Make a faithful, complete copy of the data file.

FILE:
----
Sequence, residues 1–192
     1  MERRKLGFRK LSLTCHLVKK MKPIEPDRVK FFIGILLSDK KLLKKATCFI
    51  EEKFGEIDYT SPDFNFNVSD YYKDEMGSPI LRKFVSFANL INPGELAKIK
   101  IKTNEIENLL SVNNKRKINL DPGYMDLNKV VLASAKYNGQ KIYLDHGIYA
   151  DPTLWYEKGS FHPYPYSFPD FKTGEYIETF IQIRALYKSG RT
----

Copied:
Sequence, residues 1–192
     1  MERRKLGFRK LSLTCHLVKK MKPIEPDRVK FFIGILLSDK KLLKKATCFI
    51  EEKFGEIDYT SPDFNFNVSD YYKDEMGSPI LRKFVSFANL INPGELAKIK
   101  IKTNEIENLL SVNNKRKINL DPGYMDLNKV VLASAKYNGQ KIYLDHGIYA
   151  DPTLWYEKGS FHPYPYSFPD FKTGEYIETF IQIRALYKSG RT